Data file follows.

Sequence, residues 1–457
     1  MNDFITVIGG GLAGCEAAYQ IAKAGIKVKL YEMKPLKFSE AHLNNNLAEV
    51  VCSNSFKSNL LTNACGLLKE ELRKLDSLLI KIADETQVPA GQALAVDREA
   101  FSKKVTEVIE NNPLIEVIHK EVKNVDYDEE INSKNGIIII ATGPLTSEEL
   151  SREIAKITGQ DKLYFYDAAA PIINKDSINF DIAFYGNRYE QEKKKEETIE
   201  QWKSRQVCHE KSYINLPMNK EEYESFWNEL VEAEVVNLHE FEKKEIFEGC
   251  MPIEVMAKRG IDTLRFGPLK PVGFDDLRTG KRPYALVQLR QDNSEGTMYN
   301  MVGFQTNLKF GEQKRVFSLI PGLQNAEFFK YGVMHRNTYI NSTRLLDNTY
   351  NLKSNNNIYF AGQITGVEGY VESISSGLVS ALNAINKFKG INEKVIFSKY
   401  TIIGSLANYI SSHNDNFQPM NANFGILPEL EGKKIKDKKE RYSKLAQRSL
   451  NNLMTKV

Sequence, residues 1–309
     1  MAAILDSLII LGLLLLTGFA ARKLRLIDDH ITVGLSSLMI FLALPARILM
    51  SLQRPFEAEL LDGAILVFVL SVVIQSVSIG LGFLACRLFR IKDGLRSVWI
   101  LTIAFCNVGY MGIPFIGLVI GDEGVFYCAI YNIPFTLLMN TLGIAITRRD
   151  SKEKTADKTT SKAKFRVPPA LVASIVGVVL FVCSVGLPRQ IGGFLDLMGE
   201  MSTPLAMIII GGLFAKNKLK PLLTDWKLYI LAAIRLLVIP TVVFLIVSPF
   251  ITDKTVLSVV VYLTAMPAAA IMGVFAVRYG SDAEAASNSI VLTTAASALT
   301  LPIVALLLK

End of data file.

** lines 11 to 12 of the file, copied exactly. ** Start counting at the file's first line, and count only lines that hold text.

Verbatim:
   451  NNLMTKV

Sequence, residues 1–309